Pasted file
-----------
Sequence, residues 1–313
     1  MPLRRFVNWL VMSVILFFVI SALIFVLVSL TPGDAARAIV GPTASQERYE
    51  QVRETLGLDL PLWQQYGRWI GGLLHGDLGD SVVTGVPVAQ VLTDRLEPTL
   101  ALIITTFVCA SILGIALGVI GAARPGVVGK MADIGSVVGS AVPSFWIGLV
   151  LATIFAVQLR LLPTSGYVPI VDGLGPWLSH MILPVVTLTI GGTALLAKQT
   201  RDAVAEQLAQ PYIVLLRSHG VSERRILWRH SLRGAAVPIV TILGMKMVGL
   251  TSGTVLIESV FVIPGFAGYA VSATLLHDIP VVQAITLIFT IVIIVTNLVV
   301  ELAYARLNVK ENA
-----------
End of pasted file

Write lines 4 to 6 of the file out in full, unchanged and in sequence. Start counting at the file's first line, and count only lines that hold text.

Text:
   101  ALIITTFVCA SILGIALGVI GAARPGVVGK MADIGSVVGS AVPSFWIGLV
   151  LATIFAVQLR LLPTSGYVPI VDGLGPWLSH MILPVVTLTI GGTALLAKQT
   201  RDAVAEQLAQ PYIVLLRSHG VSERRILWRH SLRGAAVPIV TILGMKMVGL